Szwarc is frustrated to see “police budgets being so high and school budgets, which affect many more families…being cut.” She hopes Governor Kathy Hochul will sign the reduced class size bill into law, which is another way the state is helping schools along with additional funding. A smaller class size would, for example, help maintain PS 34’s first-ever bilingual Polish-English program in New York.
Lee wonders what the end goal of these budget cuts is because “it doesn’t seem to be to fund education”, which is demoralizing especially when talking about building a “fair and equitable future”.
Parents are reminding their local politicians and city council members (many of whom voted yes on the bill) that they will hold them accountable on this issue. Giliotti pointed out that it’s the city council’s job “to defend us,” and that’s a weak excuse for saying they didn’t fully understand the bill.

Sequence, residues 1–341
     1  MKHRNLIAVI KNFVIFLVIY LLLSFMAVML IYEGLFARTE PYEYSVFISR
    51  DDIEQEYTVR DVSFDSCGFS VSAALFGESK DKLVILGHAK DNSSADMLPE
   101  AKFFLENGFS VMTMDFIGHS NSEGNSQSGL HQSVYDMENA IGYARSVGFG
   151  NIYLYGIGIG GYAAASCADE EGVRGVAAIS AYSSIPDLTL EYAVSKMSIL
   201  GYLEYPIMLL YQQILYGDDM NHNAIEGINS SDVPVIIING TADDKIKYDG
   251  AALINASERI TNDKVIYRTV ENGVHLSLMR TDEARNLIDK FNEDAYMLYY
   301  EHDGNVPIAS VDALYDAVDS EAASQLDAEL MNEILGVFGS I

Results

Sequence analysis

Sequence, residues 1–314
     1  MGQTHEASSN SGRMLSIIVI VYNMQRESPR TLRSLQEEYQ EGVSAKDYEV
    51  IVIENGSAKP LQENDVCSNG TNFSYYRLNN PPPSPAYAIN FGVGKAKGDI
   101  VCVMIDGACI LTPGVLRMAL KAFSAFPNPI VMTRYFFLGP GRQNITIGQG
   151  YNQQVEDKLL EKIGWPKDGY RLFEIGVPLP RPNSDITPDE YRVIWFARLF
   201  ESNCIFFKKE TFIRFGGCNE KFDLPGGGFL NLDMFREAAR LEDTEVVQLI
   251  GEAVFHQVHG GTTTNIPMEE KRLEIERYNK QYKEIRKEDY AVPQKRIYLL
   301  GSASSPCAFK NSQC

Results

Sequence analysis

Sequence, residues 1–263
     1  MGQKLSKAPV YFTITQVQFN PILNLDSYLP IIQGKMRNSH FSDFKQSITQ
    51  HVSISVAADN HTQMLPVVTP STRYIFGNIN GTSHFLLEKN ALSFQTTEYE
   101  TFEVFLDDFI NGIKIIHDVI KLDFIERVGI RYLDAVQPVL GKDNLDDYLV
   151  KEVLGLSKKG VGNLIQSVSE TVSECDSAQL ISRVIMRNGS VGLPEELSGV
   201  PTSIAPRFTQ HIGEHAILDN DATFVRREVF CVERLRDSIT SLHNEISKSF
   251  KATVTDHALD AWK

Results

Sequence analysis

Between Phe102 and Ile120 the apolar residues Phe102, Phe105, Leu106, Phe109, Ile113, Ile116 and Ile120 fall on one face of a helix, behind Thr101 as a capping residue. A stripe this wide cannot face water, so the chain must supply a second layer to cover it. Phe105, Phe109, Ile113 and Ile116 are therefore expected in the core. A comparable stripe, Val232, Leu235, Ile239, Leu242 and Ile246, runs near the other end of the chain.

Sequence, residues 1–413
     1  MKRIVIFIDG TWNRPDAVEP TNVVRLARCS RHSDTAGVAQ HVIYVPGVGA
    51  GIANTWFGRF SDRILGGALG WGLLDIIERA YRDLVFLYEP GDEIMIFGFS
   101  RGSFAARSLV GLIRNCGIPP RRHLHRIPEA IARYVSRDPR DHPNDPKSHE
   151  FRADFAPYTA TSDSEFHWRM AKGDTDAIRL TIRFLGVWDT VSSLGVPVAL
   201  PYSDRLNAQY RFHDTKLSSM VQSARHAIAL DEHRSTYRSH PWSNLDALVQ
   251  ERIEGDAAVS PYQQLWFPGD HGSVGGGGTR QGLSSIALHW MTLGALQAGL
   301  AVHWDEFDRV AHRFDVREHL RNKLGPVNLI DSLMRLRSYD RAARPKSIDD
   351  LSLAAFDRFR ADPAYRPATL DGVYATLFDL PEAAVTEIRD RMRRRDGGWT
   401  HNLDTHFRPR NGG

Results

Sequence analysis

Stansbury echoed the sentiment that council members should address this issue because this issue is a priority for the community. She urged the city council to vote no if this proposed budget cut comes back. Stansbury is aware there will be more cuts next year, with Adams wanting to cut $375 million next year.
District 33 City Councilman Lincoln Restler is working to resolve this issue. Restler said green pointers that he makes education his number one priority. He has seen these cuts and the effects they have had on the schools in his district.
He understands the parents’ outrage and plans to lobby with parents for more funds. Restler is working to allocate funds to these schools and mentioned that in his district they got discretionary funding of $200,000 to go to local elementary schools in the community, like PS 34.